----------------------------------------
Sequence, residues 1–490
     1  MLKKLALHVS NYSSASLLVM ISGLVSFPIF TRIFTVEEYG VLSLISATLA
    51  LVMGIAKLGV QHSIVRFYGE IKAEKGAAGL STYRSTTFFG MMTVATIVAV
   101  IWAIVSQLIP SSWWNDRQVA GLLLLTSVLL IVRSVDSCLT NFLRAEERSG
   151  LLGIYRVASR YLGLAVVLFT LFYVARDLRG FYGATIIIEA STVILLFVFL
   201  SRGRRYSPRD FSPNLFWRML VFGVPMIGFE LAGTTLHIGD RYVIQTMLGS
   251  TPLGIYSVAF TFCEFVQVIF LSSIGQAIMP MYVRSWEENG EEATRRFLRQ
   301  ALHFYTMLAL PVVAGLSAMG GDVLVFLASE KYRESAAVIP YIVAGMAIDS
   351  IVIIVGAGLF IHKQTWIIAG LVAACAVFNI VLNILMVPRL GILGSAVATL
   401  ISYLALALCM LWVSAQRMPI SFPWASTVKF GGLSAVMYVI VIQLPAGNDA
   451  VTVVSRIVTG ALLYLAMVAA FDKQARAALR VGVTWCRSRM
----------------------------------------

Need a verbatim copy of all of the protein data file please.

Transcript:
Sequence, residues 1–490
     1  MLKKLALHVS NYSSASLLVM ISGLVSFPIF TRIFTVEEYG VLSLISATLA
    51  LVMGIAKLGV QHSIVRFYGE IKAEKGAAGL STYRSTTFFG MMTVATIVAV
   101  IWAIVSQLIP SSWWNDRQVA GLLLLTSVLL IVRSVDSCLT NFLRAEERSG
   151  LLGIYRVASR YLGLAVVLFT LFYVARDLRG FYGATIIIEA STVILLFVFL
   201  SRGRRYSPRD FSPNLFWRML VFGVPMIGFE LAGTTLHIGD RYVIQTMLGS
   251  TPLGIYSVAF TFCEFVQVIF LSSIGQAIMP MYVRSWEENG EEATRRFLRQ
   301  ALHFYTMLAL PVVAGLSAMG GDVLVFLASE KYRESAAVIP YIVAGMAIDS
   351  IVIIVGAGLF IHKQTWIIAG LVAACAVFNI VLNILMVPRL GILGSAVATL
   401  ISYLALALCM LWVSAQRMPI SFPWASTVKF GGLSAVMYVI VIQLPAGNDA
   451  VTVVSRIVTG ALLYLAMVAA FDKQARAALR VGVTWCRSRM